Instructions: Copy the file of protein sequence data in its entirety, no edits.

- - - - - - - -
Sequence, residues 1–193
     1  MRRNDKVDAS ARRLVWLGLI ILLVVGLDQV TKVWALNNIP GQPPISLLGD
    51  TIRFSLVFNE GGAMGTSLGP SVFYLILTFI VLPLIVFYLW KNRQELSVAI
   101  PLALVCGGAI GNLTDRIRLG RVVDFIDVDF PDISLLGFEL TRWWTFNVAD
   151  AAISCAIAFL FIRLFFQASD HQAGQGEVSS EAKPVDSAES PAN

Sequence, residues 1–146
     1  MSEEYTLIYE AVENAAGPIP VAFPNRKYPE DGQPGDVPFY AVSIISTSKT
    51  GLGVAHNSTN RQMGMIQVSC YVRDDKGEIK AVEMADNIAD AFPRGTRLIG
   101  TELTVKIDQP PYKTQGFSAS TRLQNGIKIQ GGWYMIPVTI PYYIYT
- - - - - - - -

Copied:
Sequence, residues 1–193
     1  MRRNDKVDAS ARRLVWLGLI ILLVVGLDQV TKVWALNNIP GQPPISLLGD
    51  TIRFSLVFNE GGAMGTSLGP SVFYLILTFI VLPLIVFYLW KNRQELSVAI
   101  PLALVCGGAI GNLTDRIRLG RVVDFIDVDF PDISLLGFEL TRWWTFNVAD
   151  AAISCAIAFL FIRLFFQASD HQAGQGEVSS EAKPVDSAES PAN

Sequence, residues 1–146
     1  MSEEYTLIYE AVENAAGPIP VAFPNRKYPE DGQPGDVPFY AVSIISTSKT
    51  GLGVAHNSTN RQMGMIQVSC YVRDDKGEIK AVEMADNIAD AFPRGTRLIG
   101  TELTVKIDQP PYKTQGFSAS TRLQNGIKIQ GGWYMIPVTI PYYIYT